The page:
Environment and History
Environment and History 19 (2013): 255-281. doi: 10.3197/096734013X13690716950028
During the period of the British Mandate in Palestine, British water policies combined with Zionist groups’ settlement and ‘development’ activities to drastically change the waterscape in the region. The changing water conditions had dire consequences for rural Arabs’ ability to carry on farming, support livestock, and undertake water-dependent industries. The roots of British water policy lay in part in conceptions of the so-called Arab ‘race’. An instance of ‘environmental Orientalism’, this case offers an opportunity to examine links between racial conceptions and environmental changes that had lasting influence on landscapes and peoples.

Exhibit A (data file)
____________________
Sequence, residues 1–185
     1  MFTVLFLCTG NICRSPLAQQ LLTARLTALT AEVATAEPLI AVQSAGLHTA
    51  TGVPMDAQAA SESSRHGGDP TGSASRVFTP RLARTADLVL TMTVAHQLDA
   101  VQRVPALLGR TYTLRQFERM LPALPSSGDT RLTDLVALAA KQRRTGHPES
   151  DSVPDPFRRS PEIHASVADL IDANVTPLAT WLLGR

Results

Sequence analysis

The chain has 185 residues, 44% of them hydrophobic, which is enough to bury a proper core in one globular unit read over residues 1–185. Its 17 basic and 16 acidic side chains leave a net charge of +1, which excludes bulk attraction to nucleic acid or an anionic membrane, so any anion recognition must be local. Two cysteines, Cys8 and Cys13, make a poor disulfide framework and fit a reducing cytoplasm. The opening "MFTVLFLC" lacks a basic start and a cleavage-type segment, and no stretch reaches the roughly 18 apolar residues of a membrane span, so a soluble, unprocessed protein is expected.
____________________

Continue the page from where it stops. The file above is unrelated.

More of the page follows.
KEYWORDS: Arab farming; drainage; environmental Orientalism; Israel; Mandate; Palestine; water history; Zionism.
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